How Hollywood is Trying to Mentor a Future Generation of Artists Through the Academy’s Gold Rising Program
The next generation of artists and filmmakers need guidance, and many in Hollywood have long grappled with how to offer training and support. The Academy of Motion Picture Arts and Sciences is trying to achieve that through its Academy Gold Rising program, which completed its fifth year of over 100 entertainment enhancement and mentorship for students and young professionals.
Of course, Hollywood is still not an even playing field, even despite dramatic changes in the industry in the last few years. Still, as Christine Simmons, the chief operating officer for the Academy tells Variety, she’s optimistic.
“I don’t know that many Black CEOs,” Simmons says. “We have industry folks mentoring and matching these young people, so that trail that we had to run uphill, barefoot, in the snow, can be eliminated. But, more importantly, they can see people that look like them that are actually doing it.”
The makeup of where the participants are in their lives vary. Some enter with their passion for storytelling pouring from their veins, ready to take the movie world by storm. And then there are others who are at a crossroads, unsure of their relationship with the artistic medium, and are seeking guidance.
Eliana Pipes, a Los Angeles native of Puerto Rican, Black and queer background, is an alumnus of two Gold programs — Gold Rising and the Gold Fellowship for Women, which offers financial support and mentorship to emerging female filmmakers. “I grew up in Culver City, a block away from Sony Pictures studios,” she shares. “Because of the way the industry is structured, and even though it was so close I could throw a pebble from my house and hit the wall, it was still a million miles away.”
Academy Gold opened those doors for Pipes to gain access into spaces such as Disney and Warner Bros that she feels have always been intentionally closed off.
Pipes was a creative development intern at HBO during her time in the 2017 inaugural class. She attended Columbia University for her undergrad degree, and recently graduated with her master’s in playwriting from Boston University, and is finishing up her first animated short film, “Nails,” which was part of her project under another Gold program, Gold Women’s Fellowship, which she was selected for in 2019 and was the inaugural recipient of the Wavelength Fellowship for artists who identify as BIPOC female or non-binary.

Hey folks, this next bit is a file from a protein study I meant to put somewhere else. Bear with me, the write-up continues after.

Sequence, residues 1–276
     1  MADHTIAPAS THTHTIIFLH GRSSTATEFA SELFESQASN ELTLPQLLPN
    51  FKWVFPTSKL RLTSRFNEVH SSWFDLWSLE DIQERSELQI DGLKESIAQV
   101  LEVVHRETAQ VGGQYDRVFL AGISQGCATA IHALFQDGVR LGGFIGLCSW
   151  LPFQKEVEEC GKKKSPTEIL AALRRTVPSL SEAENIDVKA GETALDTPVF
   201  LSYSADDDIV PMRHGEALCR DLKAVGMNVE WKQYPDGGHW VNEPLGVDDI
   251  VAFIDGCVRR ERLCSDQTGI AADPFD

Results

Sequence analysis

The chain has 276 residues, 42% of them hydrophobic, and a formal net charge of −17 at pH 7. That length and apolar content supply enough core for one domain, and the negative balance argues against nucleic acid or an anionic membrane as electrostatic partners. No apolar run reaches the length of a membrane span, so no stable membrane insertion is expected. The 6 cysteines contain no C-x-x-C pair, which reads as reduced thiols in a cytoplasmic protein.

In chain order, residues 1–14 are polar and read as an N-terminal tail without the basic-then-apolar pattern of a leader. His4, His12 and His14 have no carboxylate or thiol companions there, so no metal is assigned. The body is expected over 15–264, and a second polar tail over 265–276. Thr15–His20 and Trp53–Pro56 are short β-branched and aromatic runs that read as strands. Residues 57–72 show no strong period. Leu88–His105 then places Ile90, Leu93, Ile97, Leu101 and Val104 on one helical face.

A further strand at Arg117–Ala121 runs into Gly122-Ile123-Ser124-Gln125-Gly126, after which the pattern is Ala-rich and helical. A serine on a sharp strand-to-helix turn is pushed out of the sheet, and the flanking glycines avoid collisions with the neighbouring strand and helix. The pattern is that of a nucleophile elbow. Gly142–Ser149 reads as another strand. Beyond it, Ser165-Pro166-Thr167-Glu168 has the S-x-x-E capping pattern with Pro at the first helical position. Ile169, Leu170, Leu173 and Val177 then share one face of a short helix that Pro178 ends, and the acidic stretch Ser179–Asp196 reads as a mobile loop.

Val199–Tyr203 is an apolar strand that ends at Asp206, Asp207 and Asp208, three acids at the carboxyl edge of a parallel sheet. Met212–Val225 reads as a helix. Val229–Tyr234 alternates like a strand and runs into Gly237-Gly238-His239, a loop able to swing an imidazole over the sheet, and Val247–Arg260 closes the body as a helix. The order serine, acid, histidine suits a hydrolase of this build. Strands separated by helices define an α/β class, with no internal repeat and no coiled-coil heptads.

This year’s program ran from June 21 to its conclusion on Aug. 7, venturing through every aspect of the Hollywood industry, ranging from “The Magic of Sound in Film” to “The Path to Becoming a Hollywood Agent.” All the panels are moderated and mentored by the industry’s greatest leaders, including Oscar-winning animation director Pete Docter and Academy president David Rubin.
It isn’t enough to give motivational speeches to inspire someone to want to go into the business. Gold Rising provides hands-on training, focusing on the tactical tools that bring them to the next level.
The Oscars have been the source of criticism and controversy, especially in years where the awards ceremony only nominated white actors in its top categories. But others in Hollywood have noted that awards can’t be given to non-white performers if there aren’t enough performances out there — and people of color working behind-the-scenes.
“I felt we could be more holistic, more actionable and operationalize it, and not just rely on the passion of some,” Simmons says.
Like many communities of color, too many are unaware of the careers that could be explored and executed in the business aside from being an actor, Simmons herself identifies with. “I knew I could be a doctor or a lawyer, and I chose a doctor. and then I didn’t get into medical school.”
She shares stories of one woman coming into the program and wanting to be an actor and switching to archiving, or a student from Morehouse College told her he realized he didn’t want a career in the industry. “I love when people, who are in historically underutilized communities, can say, ‘that’s not for me’ and go find something else that they are passionate about. We’ve saved them many years of trauma.”
All Gold Rising internships through this year’s 25 partner companies are paid, and Production Track students receive stipends. Some of their partners included AMC Networks, CAA, Paramount Pictures and Warner Media. In addition, before the pandemic and program being virtual, the Academy had also offered a limited number of one-time stipends to out-of-state students to help offset travel and housing costs.